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'Country of Origin' Labeling Not Compelled Speech, D.C. Cir. Rules

By Gabriella Khorasanee, JD on August 05, 2014 | Last updated on March 21, 2019

Americans aren't too keen on mystery meat, and thankfully, the U.S.D.A. is backing us up on that. On the second go around, the D.C. Circuit upheld a country-of-origin labeling rule for meat products, finding that the rule did not compel meat producers to speak.

With only one option left, we'll have to wait and see if the plaintiff will seek redress from the U.S. Supreme Court. Until then, let's look at the legal backdrop.

Country-of-Origin Labeling

U.S. law requires that meat product labels designate the country-of-origin (known as Country of Origin Labeling, or "COOL"). In 2013, the U.S.D.A. adopted a rule that required more specificity in labeling. Rather than just listing countries of origin, under the new rule, labels needed to indicate the countries of origin for each production step -- that is, the label had to list where the animal was born, raised, and slaughtered.

The American Meat Institute ("AMI") and other meat industry trade associations challenged the rule, arguing the rule was a violation of the First Amendment and U.S. law.

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The D.C. Circuit Opinion

In district court, AMI sought a preliminary injunction preventing the enforcement of the revised labeling rule. The district court denied the motion.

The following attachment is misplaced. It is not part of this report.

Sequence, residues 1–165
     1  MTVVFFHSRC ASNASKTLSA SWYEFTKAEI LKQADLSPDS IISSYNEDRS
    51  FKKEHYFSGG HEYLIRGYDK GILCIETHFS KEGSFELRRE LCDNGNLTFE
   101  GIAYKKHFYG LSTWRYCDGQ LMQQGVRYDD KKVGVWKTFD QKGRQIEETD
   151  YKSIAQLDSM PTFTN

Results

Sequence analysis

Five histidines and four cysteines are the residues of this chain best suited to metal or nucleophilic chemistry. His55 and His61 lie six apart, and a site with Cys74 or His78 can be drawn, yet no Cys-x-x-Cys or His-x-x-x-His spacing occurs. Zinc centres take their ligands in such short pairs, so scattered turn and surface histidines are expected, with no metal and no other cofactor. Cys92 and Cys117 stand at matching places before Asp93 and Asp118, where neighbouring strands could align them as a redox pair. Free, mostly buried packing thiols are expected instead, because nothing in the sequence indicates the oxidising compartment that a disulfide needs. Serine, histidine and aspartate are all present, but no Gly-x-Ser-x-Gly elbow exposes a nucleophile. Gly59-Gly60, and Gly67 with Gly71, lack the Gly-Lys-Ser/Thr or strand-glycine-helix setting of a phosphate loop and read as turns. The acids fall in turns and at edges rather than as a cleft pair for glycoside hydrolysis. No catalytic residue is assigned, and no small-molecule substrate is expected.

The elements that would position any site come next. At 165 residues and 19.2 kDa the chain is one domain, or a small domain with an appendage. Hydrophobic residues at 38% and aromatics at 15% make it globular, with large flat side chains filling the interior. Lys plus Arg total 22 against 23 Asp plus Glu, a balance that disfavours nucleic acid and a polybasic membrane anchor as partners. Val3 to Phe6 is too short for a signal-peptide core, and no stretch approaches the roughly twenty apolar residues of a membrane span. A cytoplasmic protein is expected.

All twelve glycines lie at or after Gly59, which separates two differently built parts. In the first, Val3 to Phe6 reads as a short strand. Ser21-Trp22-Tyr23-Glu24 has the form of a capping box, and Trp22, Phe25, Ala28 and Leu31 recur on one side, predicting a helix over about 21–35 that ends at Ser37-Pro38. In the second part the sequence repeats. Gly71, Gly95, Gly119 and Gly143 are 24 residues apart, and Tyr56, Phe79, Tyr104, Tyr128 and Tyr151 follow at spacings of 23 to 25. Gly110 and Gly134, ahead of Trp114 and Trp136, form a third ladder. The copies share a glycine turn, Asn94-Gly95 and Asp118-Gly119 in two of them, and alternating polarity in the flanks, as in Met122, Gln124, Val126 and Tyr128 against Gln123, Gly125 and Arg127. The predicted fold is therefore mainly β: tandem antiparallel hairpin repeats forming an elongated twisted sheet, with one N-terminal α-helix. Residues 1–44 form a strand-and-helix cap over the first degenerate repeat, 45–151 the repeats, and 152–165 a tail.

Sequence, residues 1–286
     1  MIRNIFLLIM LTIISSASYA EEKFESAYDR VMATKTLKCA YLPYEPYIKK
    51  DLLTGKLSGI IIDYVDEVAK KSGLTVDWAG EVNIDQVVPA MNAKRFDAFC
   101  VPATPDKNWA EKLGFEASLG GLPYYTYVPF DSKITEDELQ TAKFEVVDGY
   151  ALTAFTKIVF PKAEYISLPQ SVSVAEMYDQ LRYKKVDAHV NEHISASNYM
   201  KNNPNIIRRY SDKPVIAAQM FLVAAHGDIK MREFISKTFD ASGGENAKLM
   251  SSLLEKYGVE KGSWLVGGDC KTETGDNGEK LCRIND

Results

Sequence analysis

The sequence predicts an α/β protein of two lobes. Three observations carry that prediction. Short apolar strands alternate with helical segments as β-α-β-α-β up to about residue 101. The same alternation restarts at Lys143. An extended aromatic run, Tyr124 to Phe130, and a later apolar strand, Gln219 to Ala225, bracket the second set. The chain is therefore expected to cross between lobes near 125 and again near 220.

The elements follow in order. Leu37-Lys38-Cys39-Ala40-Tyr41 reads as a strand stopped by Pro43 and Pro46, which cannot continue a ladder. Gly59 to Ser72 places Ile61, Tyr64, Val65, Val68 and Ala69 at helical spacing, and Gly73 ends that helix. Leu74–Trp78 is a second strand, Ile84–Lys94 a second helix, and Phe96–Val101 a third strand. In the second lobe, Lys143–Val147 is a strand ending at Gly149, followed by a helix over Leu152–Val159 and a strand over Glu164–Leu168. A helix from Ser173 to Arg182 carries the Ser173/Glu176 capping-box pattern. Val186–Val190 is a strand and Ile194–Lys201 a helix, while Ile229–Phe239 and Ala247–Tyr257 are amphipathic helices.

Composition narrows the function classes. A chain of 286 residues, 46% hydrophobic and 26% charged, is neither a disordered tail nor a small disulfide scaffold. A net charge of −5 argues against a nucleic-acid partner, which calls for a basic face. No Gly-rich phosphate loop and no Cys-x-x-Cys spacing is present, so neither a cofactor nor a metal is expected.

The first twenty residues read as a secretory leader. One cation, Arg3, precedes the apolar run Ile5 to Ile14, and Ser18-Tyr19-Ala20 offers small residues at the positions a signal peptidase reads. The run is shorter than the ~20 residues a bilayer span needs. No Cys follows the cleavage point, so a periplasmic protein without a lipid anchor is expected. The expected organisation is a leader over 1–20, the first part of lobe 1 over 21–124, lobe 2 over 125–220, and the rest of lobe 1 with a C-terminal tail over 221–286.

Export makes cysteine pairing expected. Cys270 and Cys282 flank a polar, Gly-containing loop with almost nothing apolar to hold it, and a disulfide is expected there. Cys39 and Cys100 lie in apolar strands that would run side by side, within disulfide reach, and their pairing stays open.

On appeal, the D.C. Circuit Court agreed, finding that AMI was unlikely to succeed on the merits. On April 4, 2014, the order of the D.C. Circuit was vacated, and AMI's petition for en banc review was granted.

The En Banc Opinion

In a 9-2 decision, written by Judge Williams, the D.C. Circuit reinstated the judgment and opinion of the three judge panel. The full panel chose to examine AMI's claims under the lower standard set forth in Zauderer v. Office of Disciplinary Counsel, and held that a disclosure mandate can be upheld even when "government interests in addition to correcting deception" were at play. Two concurring and two dissenting opinions were also filed.

AMI Interim President and CEO James H. Hodges was "disappointed" with the D.C. Circuit Court's opinion and stated, "We have maintained all along that the country of origin rule harms livestock producers and the industry and affords little benefit to consumers. This decision will perpetuate those harms. ... We will evaluate our options moving forward."

Since they already rolled the dice on the en banc review option, it seems the only option they have left is to appeal to the U.S. Supreme Court. We'll see if they file a petition for cert.

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